It is useful to note that several chemicals identified as TopoII “poisons”do require metabolic oxidation to become active inhibitors. Etoposide itself is converted via the catechol metabolite to etoposide 3-quinone, which is a covalent TopoII poison (Smith et al 2014), whereas etoposide and its catechol are interfacial inhibitors which bind selectively to interfaces as macromolecular machines assemblewhich bind selectively to interfaces as macromolecular machines assemble. Curcumin is also an active TopoII poison due to its oxidized metabolites (Gordon et al 2015). This fact deserves consideration if a screening for TopoII inhibition is envisaged.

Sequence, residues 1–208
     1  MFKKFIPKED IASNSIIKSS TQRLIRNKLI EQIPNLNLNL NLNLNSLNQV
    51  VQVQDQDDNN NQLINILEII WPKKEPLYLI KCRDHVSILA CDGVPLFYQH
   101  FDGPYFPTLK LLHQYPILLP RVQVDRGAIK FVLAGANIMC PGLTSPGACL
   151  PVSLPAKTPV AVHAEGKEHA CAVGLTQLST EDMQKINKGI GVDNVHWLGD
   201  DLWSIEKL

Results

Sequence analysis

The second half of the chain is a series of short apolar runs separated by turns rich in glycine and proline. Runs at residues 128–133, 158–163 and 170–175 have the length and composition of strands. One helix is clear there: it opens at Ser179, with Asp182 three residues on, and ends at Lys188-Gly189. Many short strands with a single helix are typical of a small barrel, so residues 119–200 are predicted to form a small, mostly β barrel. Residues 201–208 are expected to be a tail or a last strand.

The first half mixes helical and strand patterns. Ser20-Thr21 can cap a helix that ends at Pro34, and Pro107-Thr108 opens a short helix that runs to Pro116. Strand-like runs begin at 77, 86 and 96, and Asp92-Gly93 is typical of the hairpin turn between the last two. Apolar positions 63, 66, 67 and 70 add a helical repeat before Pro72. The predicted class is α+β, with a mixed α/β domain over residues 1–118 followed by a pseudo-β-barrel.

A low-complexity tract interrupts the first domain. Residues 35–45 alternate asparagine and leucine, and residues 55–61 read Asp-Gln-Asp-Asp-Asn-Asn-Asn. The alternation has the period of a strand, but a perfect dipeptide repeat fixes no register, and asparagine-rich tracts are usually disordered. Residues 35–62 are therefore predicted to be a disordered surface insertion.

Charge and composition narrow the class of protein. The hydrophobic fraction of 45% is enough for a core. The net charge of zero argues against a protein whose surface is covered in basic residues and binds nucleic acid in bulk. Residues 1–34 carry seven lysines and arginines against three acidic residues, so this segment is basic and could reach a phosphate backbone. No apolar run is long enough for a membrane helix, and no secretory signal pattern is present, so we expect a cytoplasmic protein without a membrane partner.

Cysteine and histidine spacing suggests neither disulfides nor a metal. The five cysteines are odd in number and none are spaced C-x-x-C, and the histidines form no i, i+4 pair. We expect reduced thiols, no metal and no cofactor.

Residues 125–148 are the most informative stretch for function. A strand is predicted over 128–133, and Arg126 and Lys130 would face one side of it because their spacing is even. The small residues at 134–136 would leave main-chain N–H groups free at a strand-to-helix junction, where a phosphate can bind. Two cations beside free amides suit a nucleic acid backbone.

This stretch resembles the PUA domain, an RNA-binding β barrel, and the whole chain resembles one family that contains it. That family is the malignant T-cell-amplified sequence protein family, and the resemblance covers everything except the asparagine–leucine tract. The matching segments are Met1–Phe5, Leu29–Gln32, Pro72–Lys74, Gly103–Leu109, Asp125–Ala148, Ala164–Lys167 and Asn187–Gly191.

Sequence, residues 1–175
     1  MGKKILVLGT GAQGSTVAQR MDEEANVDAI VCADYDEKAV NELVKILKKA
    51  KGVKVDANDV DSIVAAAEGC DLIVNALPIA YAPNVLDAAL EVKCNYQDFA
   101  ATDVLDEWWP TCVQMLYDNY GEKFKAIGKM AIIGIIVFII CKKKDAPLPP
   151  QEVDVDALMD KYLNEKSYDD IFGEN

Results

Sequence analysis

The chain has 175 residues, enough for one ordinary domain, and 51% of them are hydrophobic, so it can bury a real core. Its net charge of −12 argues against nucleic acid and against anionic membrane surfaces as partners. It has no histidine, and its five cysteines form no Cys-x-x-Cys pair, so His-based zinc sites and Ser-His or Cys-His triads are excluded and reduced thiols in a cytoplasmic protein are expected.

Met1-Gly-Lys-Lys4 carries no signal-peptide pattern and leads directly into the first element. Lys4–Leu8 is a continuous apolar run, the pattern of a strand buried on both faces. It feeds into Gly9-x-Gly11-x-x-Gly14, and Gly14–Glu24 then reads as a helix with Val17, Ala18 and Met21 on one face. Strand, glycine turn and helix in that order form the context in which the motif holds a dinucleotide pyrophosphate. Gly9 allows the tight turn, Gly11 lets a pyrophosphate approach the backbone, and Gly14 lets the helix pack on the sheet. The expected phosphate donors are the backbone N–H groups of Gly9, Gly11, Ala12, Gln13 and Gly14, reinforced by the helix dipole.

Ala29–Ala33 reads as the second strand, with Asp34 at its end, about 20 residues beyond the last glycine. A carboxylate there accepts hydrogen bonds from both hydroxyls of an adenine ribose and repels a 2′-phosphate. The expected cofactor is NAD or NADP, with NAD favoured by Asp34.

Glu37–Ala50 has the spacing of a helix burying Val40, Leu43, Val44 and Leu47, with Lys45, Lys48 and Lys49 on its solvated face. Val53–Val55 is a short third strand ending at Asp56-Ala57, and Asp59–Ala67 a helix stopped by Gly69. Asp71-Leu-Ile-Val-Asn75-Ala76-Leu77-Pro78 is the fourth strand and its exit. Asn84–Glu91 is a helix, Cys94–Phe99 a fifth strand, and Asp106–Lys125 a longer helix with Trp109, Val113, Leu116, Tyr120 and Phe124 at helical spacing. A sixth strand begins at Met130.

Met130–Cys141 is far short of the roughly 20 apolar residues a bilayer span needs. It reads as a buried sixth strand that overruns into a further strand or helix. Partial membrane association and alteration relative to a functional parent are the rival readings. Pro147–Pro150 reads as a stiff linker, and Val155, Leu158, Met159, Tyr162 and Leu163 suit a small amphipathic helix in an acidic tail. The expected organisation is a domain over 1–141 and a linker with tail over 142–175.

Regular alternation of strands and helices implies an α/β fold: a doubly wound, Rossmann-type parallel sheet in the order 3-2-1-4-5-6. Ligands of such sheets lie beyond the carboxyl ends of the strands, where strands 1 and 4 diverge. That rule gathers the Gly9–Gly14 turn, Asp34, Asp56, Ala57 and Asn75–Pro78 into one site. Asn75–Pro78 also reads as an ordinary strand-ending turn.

Topoisomerase poisons stabilize the covalent enzyme–DNA complex. There are several key characteristics of this complex: it includes protein covalently bound to DNA as well as a strand break in the DNA substrate, and it is also freely reversible. Accordingly, if the chemical is removed the enzyme rapidly reseals the DNA. Covalent complexes are quantified in two ways: by measuring the levels of protein covalently bound to DNA or by directly assaying for DNA strand breaks in the presence of topoisomerase and test agent or known drug. The assay directly measures DNA strand breaks induced by topoisomerase I in a substrate that carries a strong DNA cleavage site. Similarly, the plasmid linearization assay measures double strand breaks induced in plasmid DNA by topoisomerase II. The Alternate Protocol allows for the visualization of breaks induced on a larger substrate. Different protocols are used to measure the amount of the cleavage complex by determining the levels of topoisomerases that are covalently associated with DNA. Since the covalent complex is a normal step in the topoisomerase reaction, it can be detected (using very sensitive assays) even in the absence of a topoisomerase poison. However, addition of a topoisomerase poison greatly increases the levels of covalent complexes. Protocol and procedure details for mewasuring topoisomerase inhibition are fully reported in Nitiss et al. 2012.